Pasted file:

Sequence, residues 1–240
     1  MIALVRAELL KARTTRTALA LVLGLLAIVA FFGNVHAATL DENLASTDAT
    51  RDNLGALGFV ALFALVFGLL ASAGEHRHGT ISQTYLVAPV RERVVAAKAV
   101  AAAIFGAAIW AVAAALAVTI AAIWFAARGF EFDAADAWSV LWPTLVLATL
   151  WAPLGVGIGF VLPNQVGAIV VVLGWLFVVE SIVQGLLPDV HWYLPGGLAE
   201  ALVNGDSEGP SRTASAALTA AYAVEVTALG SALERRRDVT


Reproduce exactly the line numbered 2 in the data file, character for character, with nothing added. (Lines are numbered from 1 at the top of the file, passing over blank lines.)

     1  MIALVRAELL KARTTRTALA LVLGLLAIVA FFGNVHAATL DENLASTDAT